Shenzhen Archives is an internationally recognized project that creates a distinctive urban experience in the heart of Shenzhen’s Meiling District which connects City Center and the new North Railway Station. Shenzhen Archives has been bestowed with the Design Excellence Award in the AIA Chicago 2011 Design Awards program in the unbuilt design category.
The design is founded on the concept of urban and architectural articulation into a co-exiting and synergic system. Creating an extensive urban space, the design unifies four land parcels (city blocks) by removing dividing streets. Circulation is re-organized, thereby harnessed, by introducing a peripheral one-way street system. The enlarged spatial boundary establishes an appropriate scale and symbolic relationship with the City Plaza. The Archive precinct is emphasized and defined formally with a continuous floating perimeter block which embraces four discrete volumes: three towers and a cube. This framework defines an internal landscape, a transition from chaos of the streets into a landscaped urban oasis. The circular green zones indicate building entries inviting traversing pedestrians to explore the premises. Public functions, exhibition spaces and select retail are housed in the permeable perimeter block, activating the ground-scape and encouraging thorough circulation and street interface. The perimeter block permits direct access to the towers at the upper levels, intersecting the towers through sky-lit bridges.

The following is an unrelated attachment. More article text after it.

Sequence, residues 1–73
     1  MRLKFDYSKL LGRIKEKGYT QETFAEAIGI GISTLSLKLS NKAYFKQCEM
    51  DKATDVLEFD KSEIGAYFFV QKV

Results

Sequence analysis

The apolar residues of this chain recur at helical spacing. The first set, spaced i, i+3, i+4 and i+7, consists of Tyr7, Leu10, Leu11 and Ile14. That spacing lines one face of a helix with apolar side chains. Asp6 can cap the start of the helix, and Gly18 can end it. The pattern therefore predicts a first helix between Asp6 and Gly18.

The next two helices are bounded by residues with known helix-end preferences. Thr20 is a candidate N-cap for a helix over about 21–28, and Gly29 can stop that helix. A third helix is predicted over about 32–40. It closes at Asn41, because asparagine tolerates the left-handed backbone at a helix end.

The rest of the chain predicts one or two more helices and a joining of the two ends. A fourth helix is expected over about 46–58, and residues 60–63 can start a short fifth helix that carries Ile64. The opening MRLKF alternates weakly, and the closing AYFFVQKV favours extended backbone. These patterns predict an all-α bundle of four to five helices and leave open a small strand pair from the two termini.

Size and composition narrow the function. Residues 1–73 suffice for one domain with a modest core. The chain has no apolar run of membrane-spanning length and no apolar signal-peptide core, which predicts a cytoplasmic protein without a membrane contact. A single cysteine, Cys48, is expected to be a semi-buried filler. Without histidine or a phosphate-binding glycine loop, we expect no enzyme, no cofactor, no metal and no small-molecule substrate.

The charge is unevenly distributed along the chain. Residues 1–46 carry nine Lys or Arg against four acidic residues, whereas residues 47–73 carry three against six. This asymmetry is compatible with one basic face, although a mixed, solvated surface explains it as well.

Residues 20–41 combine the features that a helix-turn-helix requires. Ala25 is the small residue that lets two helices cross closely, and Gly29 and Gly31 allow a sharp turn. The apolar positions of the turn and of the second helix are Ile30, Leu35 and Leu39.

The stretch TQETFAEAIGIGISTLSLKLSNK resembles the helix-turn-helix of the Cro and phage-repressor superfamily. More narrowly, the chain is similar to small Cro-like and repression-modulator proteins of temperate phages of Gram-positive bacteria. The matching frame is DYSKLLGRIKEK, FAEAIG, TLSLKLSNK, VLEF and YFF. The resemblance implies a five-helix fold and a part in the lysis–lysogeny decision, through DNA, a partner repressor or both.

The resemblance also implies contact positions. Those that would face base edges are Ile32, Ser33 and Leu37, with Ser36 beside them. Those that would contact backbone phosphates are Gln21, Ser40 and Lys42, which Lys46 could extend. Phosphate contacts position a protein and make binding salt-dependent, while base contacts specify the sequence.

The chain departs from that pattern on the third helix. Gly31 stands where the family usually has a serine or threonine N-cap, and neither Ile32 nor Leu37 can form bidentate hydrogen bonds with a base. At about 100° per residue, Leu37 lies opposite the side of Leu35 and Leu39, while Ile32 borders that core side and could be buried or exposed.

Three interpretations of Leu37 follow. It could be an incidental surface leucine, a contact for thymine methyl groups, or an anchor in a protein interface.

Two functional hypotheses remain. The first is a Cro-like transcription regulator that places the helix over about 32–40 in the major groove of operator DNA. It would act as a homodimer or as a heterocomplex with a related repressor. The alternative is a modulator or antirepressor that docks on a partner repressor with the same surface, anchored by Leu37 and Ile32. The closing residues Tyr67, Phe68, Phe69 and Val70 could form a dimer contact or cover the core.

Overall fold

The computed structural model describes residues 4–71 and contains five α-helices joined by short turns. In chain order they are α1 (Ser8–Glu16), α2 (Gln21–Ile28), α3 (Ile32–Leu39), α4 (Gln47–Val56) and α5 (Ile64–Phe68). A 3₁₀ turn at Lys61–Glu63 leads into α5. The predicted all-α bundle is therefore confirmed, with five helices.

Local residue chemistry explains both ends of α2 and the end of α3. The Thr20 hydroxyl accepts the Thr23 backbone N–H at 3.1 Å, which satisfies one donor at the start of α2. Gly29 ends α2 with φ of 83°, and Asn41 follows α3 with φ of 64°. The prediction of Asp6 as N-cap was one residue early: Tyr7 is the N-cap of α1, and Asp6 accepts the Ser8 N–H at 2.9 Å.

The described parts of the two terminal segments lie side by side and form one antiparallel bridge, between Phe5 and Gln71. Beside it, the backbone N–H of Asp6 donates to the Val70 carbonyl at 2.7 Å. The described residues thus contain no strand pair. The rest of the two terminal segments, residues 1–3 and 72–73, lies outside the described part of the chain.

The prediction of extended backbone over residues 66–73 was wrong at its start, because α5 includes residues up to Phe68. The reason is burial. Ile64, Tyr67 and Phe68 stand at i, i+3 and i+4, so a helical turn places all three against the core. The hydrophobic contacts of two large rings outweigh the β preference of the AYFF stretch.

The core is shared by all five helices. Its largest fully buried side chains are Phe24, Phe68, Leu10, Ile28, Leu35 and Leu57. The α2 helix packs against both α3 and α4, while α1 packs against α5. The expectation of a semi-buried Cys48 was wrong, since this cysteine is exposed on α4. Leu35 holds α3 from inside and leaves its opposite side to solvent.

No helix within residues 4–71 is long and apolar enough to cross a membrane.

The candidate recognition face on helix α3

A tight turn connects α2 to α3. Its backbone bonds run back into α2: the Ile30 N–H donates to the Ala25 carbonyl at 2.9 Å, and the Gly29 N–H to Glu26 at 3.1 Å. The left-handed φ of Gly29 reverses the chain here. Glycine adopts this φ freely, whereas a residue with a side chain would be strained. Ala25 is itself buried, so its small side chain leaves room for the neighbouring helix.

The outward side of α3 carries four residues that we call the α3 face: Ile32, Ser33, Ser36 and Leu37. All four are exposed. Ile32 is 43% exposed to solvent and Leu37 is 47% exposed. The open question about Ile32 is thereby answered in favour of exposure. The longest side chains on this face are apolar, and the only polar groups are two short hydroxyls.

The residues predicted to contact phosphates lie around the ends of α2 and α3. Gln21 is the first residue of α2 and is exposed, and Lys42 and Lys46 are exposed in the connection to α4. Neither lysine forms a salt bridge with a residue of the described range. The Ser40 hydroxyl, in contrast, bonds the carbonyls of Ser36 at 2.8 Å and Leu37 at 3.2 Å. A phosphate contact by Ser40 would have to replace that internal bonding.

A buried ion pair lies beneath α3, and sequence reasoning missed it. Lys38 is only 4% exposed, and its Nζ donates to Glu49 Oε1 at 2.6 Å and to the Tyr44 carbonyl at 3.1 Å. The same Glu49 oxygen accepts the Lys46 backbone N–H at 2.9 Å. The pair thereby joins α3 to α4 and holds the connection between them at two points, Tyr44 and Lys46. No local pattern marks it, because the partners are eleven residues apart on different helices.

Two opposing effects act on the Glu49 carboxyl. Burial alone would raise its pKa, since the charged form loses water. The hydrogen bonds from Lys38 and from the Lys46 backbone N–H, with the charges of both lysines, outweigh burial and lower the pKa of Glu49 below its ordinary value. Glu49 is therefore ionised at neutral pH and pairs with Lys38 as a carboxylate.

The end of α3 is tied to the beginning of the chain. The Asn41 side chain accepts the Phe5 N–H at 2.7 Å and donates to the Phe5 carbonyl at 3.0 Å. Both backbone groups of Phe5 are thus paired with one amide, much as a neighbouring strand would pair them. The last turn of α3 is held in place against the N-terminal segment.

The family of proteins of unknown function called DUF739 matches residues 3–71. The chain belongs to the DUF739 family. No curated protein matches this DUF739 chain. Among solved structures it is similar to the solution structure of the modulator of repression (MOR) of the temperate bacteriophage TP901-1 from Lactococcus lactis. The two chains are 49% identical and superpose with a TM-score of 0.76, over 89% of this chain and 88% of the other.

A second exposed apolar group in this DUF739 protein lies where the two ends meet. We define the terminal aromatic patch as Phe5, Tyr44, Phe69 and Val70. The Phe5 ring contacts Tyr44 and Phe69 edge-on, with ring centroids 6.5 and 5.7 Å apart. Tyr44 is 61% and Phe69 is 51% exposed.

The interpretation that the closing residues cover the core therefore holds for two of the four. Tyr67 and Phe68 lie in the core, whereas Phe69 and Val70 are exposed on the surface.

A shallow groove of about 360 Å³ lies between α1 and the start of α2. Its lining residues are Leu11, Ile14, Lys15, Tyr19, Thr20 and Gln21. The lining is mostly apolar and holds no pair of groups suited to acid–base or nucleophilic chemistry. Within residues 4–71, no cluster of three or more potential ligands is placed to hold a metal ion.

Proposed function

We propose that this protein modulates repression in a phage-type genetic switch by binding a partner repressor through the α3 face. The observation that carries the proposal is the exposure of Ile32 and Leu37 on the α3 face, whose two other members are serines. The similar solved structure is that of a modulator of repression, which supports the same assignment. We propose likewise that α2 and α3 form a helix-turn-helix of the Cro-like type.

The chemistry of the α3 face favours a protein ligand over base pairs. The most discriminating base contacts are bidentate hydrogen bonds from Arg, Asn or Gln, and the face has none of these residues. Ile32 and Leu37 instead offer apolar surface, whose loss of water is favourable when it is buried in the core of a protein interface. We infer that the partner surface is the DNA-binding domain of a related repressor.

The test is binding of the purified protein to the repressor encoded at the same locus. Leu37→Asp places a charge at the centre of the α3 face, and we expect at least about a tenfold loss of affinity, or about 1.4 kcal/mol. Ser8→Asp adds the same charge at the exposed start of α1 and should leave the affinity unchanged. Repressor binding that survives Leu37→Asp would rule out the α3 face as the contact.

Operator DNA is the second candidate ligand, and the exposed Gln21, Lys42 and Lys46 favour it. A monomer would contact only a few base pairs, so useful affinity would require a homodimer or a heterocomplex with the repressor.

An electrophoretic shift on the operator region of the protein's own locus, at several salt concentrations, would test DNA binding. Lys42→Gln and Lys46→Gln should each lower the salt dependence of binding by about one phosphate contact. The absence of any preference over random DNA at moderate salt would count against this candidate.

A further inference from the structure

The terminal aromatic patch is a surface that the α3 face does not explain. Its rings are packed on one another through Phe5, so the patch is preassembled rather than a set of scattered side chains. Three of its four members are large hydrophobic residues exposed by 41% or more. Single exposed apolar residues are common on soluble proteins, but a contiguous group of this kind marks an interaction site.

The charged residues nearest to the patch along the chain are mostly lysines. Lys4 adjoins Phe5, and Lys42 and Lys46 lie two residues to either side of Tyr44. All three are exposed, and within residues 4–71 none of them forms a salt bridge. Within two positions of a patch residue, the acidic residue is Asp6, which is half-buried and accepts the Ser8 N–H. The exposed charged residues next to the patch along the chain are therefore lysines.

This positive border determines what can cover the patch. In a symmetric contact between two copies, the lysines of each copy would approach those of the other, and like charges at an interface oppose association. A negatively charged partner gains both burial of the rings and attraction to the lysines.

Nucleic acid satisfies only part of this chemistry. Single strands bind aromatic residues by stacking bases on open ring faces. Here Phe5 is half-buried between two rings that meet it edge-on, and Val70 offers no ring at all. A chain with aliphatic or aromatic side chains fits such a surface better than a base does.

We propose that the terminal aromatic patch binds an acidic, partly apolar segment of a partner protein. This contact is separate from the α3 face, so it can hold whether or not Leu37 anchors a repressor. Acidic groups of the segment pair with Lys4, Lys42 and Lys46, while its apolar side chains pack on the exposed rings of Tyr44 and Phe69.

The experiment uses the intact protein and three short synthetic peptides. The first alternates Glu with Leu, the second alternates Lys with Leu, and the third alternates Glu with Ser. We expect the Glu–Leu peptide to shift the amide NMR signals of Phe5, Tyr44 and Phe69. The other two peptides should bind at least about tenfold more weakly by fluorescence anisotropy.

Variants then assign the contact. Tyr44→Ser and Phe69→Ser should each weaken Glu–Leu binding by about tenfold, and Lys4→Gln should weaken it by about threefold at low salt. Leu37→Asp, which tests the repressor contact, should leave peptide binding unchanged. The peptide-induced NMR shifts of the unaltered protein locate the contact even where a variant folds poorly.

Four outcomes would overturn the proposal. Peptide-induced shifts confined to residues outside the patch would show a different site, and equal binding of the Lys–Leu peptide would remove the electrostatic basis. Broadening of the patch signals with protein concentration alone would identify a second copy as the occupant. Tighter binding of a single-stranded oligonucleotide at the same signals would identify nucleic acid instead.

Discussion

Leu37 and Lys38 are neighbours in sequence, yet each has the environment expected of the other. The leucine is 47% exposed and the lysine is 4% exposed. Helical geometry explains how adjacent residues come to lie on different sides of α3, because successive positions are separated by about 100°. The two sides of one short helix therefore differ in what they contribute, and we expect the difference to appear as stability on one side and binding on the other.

Discrete functional elements establish a new internal urban realm within the frame. The spatial focus – a carefully positioned cube contains public functions, an exhibition hall, a conference hall and an archival information center. Inspired by traditional forms, three shimmering archival towers embody abstracted pagoda characteristics, symbolically protecting archive documents within. The ‘pagoda’ towers vary in height and façade treatment – creating individual identity expressing the differentiated nature of stored archival information. Shaped apertures are strategically located on the double façade, protecting valuable contents, while creating an energy efficient envelope.
The project engenders a communicative quality, setting the Archive in dialogue with the surroundings. It is in this assimilation of its context into the architectural domain, that Archive campus becomes a remarkable and distinct design contributing enhanced public, commercial and institutional space to the city of Shenzhen.